Leslie Adelman is a senior research associate and John Falk is the director at the Institute for Learning Innovation, 166 West Street, Annapolis, MD 21401, <email@example.com>, <firstname.lastname@example.org>, and Sylvia James is director of Conservation Education, National Aquarium in Baltimore, Pier 3/501 East Pratt Street, Baltimore, MD 21202, email@example.com.
Impact of National Aquarium in Baltimore on Visitors' Conservation Attitudes, Behavior, and Knowledge
Article first published online: 24 MAY 2010
2000 California Academy of Sciences
Curator: The Museum Journal
Volume 43, Issue 1, pages 33–61, January 2000
How to Cite
ADELMAN, L. M., FALK, J. H. and JAMES, S. (2000), Impact of National Aquarium in Baltimore on Visitors' Conservation Attitudes, Behavior, and Knowledge. Curator: The Museum Journal, 43: 33–61. doi: 10.1111/j.2151-6952.2000.tb01158.x
- Issue published online: 24 MAY 2010
- Article first published online: 24 MAY 2010
This study at the National Aquarium in Baltimore (NAIB) was conducted to assess four key aspects of the visitor experience: (1) incoming conservation knowledge, attitudes, and behavior of NAIB visitors; (2) patterns of use and interaction with exhibition components throughout the NAIB; (3) exiting conservation knowledge, attitudes, and behaviors of visitors; and (4) over time, how the NAIB experience altered or affected individuals' conservation knowledge, attitudes, and behaviors.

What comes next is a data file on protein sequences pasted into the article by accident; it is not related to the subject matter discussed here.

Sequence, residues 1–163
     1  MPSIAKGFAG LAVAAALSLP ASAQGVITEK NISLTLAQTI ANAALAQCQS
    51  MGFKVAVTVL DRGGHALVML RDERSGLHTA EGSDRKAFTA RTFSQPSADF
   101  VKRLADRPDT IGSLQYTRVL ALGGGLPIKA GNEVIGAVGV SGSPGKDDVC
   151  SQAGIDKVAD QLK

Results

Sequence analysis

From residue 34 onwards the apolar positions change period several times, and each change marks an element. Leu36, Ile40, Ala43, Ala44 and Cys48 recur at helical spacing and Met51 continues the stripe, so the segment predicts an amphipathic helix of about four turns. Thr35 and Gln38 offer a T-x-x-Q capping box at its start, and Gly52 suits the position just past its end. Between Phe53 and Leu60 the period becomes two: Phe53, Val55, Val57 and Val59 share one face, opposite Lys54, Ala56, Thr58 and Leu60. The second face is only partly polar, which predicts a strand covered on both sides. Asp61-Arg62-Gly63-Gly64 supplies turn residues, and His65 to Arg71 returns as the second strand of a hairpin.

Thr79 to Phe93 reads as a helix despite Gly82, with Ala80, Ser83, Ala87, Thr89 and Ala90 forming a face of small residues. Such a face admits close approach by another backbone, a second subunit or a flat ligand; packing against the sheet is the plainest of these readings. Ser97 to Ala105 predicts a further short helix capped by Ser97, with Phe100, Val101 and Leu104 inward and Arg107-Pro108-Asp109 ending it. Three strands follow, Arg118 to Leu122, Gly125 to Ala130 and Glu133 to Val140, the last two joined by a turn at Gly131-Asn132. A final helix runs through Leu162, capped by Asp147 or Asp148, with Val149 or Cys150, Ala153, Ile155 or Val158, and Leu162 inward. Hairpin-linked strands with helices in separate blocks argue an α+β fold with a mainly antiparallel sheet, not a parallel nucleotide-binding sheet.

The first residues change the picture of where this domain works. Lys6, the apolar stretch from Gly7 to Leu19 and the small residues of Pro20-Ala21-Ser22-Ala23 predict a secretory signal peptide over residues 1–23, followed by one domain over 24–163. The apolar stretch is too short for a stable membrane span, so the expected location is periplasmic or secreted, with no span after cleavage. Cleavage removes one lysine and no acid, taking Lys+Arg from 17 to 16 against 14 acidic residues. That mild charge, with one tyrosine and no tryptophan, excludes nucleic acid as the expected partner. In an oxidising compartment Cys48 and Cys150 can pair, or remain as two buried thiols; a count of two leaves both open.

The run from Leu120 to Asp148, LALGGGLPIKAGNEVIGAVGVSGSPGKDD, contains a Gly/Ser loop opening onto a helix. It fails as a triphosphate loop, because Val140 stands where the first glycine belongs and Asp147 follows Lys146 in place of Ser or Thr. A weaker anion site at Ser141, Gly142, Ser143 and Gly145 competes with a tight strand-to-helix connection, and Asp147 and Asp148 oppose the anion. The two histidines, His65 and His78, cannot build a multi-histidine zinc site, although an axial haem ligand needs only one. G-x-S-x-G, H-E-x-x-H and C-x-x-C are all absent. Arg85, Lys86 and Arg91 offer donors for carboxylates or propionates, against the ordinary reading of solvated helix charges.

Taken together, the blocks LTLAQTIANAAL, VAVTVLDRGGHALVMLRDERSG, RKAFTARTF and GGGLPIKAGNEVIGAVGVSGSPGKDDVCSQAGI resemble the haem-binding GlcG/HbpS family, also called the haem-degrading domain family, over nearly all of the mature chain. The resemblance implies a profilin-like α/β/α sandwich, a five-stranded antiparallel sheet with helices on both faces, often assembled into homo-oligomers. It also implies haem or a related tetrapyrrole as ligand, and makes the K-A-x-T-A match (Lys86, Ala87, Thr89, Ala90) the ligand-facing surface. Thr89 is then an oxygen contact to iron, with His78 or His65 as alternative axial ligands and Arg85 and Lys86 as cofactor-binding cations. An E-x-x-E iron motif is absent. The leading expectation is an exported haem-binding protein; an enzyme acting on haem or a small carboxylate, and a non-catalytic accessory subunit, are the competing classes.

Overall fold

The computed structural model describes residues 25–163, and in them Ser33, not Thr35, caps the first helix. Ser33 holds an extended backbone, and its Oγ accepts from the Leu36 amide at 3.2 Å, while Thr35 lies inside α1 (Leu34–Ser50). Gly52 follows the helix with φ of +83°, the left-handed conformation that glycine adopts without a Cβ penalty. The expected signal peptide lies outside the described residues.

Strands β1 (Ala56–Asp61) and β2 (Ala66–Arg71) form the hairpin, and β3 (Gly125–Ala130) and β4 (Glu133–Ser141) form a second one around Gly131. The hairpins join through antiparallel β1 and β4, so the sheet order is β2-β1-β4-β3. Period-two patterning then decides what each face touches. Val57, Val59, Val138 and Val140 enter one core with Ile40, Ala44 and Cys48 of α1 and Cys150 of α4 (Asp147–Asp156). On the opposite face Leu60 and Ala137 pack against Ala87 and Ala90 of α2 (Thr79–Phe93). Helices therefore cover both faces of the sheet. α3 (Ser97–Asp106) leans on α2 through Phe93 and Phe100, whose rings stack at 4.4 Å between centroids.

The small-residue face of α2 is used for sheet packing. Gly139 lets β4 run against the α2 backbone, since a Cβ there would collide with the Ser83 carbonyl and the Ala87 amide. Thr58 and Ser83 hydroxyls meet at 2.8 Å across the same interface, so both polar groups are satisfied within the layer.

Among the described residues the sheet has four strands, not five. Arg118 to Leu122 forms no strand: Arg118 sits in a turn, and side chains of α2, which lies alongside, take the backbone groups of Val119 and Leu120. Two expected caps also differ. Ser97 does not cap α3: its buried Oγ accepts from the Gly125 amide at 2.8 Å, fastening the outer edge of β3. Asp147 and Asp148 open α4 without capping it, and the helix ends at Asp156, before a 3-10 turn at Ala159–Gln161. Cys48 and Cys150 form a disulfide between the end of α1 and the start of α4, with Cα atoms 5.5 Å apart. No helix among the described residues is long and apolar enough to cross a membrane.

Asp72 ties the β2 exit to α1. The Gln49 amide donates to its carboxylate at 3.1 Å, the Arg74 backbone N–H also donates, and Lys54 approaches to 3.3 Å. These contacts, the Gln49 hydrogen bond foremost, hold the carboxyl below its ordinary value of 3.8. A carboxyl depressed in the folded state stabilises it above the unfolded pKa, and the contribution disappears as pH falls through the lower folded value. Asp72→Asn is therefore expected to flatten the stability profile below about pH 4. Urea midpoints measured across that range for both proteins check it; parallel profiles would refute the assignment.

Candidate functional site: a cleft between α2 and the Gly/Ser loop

Three hundred six visitors participated in the study, which was conducted from March through July, 1999. The study utilized four data-collection techniques: (1) face-to-face interviews, (2) Personal Meaning Mapping (PMM), (3) tracking, and (4) follow-up telephone interviews. Participants were a self-selected population and were generally more knowledgeable about, more concerned about, and more involved in conservation-related issues than the general public. However, they were far from conservationists. Visitors in this study clearly absorbed the fundamental conservation message at the NAIB. In fact, the NAIB visit appeared to focus visitors' conservation-related thoughts, while also broadening their understanding of conservation.
Changes in visitors' conservation knowledge, understanding, and interests by and large persisted over six to eight weeks after visiting NAIB. The NAIB experience also connected to visitors' lives in a variety of ways following their visit. However, these personal experiences rarely resulted in new conservation actions. In fact, their enthusiasm and emotional commitment to conservation (inspired during the NAIB visit) generally fell back to original levels, presumably in the absence of reinforcing experiences. The findings of this study are guiding subsequent investigations at the NAIB. More generally, the results suggest strategies to enhance current understanding of the impact free-choice learning institutions have on their visiting public.